One clear takeout (of many) from all this is the crucial role played by the media in tracking and highlighting and revealing the inadequacies of this information.

  1. What happened to the National Vaccine Advisory Office?

This past week it was also made public that the Trump Administration didn’t shut down just the White House’s National Security Council Directorate for Global Health Security and Biodefense that was set up by the Obama Administration.

Now it emerges that in 2019 Trump Administration closed the National Vaccine Program Office, saying this would “increase operational efficiencies by eliminating program redundancies and decreasing program costs.”

This Office monitored long-term safety issues with vaccines – something that will be critical when coronavirus vaccines become available for public use. Hundreds of millions of Americans may get different coronavirus vaccines from a variety of drug makers – this will be a tracking project like no other.

Who will do this work now? In a statement reported by The New York Times, a spokesperson said that Operation Warp Speed was working closely with the CDC “to synchronize the IT systems” involved in monitoring vaccine safety data. Hmmm!

Photo: Jose M/unsplash

Implications of the election for US health policy

I confess I’m obsessed with the US presidential election polls and worried about the outcome.

This is not an election where policy has played a major role – it’s more about competing ideologies and world views.  But there will be policy ramifications, particularly around health, healthcare and the coronavirus pandemic.

We explored some of these issues, along with the consequences for global health, climate change and the environment in the first CroakeyLIVE Zoom event. You can read the background paper I prepared here, and Jennifer Doggett’s excellent summary of the discussion here.

A paper in the New England Journal of Medicine this past week has an interesting and insightful take on the consequences of the election for health policy.

It finds that policy decisions made by nationally elected officials in recent years more closely reflect the views of their party’s adherents than they do the views of the general voting public as a whole. They also reflect to some degree the views of each party’s largest financial donors.

This means that future major policy directions will be influenced heavily by which party gains control of the presidency, the House, and the Senate in this election.

That’s really no surprise – it’s been increasingly evident in recent years.

The NEJM paper points out that in 2019 average Republicans differed from average Democrats in their views across 30 policy-related issues about what government should do in the future by 39 percentage points — more than double the gap in 1994. The differences between the parties encompass not only critical health policy and social issues like abortion but also issues related to the preferred role for government in addressing critical national problems (including, most obviously, the coronavirus pandemic).

This may change somewhat if Biden wins – he has had considerable experience in congressional negotiations and he may well be able to wrangle the views of left-leaning Democrats (who would push for Medicare for All) and some of the more moderate Republicans (if there are any left) to enact legislation to rebuild Obamacare. But the political divide will only worsen under Trump.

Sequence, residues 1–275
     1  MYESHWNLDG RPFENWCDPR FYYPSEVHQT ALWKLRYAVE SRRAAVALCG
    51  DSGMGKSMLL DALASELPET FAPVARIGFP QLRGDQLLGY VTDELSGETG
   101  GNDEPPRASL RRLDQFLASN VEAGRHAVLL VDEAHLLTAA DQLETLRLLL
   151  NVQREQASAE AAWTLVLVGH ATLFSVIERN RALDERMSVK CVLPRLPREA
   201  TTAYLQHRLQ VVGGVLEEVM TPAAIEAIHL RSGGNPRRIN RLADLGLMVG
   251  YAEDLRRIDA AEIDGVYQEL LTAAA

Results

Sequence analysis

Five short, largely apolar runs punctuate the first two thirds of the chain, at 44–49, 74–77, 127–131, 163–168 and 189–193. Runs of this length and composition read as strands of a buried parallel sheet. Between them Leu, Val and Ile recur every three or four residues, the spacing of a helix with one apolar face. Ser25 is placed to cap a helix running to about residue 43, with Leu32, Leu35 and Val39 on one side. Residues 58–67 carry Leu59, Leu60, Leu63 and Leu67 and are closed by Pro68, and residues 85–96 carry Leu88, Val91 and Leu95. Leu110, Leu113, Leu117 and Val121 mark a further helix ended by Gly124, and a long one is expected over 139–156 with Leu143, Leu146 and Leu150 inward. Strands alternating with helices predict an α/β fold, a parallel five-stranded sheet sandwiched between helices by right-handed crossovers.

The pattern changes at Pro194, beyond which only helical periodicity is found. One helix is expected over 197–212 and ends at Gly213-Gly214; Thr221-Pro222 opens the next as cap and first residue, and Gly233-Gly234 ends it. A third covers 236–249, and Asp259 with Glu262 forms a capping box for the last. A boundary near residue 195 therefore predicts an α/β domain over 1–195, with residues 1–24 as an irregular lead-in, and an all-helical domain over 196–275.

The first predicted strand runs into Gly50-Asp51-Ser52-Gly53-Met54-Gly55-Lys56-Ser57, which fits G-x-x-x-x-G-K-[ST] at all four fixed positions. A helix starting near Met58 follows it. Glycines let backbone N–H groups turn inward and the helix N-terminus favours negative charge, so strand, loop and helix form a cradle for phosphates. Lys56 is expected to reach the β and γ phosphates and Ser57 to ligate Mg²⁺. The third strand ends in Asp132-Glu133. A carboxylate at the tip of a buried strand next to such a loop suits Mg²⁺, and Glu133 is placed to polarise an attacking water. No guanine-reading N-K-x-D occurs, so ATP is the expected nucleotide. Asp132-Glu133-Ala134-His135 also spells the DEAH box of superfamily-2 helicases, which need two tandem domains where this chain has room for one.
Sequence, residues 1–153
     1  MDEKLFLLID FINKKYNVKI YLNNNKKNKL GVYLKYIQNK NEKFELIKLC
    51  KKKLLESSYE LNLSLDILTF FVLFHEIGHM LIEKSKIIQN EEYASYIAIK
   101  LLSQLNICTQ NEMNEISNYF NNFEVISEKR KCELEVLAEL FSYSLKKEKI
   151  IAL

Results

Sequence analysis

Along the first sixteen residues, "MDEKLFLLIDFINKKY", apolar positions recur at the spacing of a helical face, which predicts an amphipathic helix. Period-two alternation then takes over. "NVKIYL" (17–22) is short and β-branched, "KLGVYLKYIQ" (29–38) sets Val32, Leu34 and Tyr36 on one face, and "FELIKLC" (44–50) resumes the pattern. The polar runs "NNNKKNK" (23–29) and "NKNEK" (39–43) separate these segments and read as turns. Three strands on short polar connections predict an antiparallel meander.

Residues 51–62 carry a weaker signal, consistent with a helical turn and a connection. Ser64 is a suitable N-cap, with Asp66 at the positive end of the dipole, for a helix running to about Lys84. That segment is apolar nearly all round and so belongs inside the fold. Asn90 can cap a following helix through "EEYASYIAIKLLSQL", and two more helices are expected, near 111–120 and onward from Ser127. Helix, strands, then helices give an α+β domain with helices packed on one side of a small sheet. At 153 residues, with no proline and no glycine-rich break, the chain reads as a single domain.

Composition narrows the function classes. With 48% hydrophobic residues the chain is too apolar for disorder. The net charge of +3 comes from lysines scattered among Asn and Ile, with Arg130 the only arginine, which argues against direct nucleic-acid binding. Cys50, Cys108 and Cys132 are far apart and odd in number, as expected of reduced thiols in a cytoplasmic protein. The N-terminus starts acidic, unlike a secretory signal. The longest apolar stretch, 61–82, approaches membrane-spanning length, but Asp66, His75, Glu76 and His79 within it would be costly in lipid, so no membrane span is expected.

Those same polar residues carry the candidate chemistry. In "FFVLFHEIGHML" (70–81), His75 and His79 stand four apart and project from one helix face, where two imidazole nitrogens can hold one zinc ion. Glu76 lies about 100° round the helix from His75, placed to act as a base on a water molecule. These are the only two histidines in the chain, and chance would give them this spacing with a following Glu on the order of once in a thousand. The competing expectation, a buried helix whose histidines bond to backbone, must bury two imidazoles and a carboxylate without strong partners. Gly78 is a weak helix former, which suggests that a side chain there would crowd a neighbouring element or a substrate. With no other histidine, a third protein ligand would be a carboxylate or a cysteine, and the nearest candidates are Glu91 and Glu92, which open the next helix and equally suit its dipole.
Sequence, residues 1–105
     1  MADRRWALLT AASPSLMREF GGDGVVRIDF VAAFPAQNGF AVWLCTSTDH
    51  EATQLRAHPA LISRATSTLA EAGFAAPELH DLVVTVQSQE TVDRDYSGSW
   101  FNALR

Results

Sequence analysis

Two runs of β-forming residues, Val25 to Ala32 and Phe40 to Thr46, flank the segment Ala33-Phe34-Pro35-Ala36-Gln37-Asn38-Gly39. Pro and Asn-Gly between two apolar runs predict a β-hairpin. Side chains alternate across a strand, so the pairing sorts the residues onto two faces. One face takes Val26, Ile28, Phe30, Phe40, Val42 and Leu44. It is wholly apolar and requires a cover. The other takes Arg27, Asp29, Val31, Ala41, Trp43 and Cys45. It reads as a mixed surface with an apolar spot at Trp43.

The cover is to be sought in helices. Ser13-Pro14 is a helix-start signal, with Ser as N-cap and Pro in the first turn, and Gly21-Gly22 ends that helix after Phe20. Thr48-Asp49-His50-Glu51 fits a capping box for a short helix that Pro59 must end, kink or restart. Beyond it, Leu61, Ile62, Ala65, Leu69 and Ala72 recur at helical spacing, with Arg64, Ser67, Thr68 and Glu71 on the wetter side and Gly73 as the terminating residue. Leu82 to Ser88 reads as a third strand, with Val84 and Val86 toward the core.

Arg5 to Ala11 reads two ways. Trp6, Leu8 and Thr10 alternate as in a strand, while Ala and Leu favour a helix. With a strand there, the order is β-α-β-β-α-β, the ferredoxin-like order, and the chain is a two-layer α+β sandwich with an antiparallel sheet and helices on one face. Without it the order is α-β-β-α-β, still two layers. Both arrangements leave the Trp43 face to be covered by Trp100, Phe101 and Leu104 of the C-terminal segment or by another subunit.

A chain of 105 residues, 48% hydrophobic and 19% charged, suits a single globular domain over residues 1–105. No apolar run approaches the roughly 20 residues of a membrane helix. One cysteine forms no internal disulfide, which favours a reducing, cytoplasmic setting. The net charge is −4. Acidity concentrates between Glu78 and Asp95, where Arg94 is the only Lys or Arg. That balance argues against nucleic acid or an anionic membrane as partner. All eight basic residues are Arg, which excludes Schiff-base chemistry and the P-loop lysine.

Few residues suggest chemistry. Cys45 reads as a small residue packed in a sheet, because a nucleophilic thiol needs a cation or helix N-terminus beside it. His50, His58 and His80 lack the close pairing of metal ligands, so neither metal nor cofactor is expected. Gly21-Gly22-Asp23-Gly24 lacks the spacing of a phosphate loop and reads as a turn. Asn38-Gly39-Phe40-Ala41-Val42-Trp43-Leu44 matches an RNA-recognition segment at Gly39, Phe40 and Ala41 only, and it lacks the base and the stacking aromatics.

I concur with the paper’s predictions that the Democratic party will look to move in the direction of at least a partial Medicare for All program, whereas if Republicans are in the majority they are likely to move to state-directed health care programs offering more limited benefits and with many private-sector options.

As mentioned, a key policy difference between the two parties centres around how the coronavirus pandemic should be managed.

A recent study from the independent and bipartisan Committee for a Responsible Federal Budget analysed the budgetary effects of the presidential candidates’ plans to address the health and economic impacts of the pandemic.

The modest additional proposals Trump has put forward would cost between $530 billion and $870 billion, with a central estimate at $650 billion.

The much more wide-ranging proposals Biden has put forward would cost $2 trillion to $4.2 trillion, with a central estimate at nearly $3.1 trillion.

If you are interested in the health economic aspects of US policies, then the Committee for a Responsible Federal Budget has some excellent analyses on their website.

Other valuable websites perhaps less well-known in Australia include the Bipartisan Policy Center and the Center on Budget and Policy Priorities.

Coronavirus in Africa: relative success and new risks

We are hearing little about what is happening with the coronavirus in Africa. So I went looking for information.

In almost every respect, Africa is at a disadvantage compared with richer continents, apart from one key issue: there is lots of experience with infectious diseases, both endemic and emerging.

That may explain why, so far, the coronavirus pandemic has been relatively contained in Africa and the reported death rate per capita on the continent has been low compared with other parts of the world, despite the poor health infrastructure.

South Africa has been harder hit than other African countries, perhaps because its population is older or because there are more people with diabetes and heart disease.